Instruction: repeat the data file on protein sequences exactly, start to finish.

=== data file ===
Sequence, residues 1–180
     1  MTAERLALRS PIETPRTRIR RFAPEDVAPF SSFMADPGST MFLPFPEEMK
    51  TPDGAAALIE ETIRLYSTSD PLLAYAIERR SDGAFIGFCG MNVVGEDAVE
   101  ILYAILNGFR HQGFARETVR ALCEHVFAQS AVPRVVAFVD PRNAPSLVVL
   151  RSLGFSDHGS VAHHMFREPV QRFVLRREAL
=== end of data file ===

Sequence, residues 1–180
     1  MTAERLALRS PIETPRTRIR RFAPEDVAPF SSFMADPGST MFLPFPEEMK
    51  TPDGAAALIE ETIRLYSTSD PLLAYAIERR SDGAFIGFCG MNVVGEDAVE
   101  ILYAILNGFR HQGFARETVR ALCEHVFAQS AVPRVVAFVD PRNAPSLVVL
   151  RSLGFSDHGS VAHHMFREPV QRFVLRREAL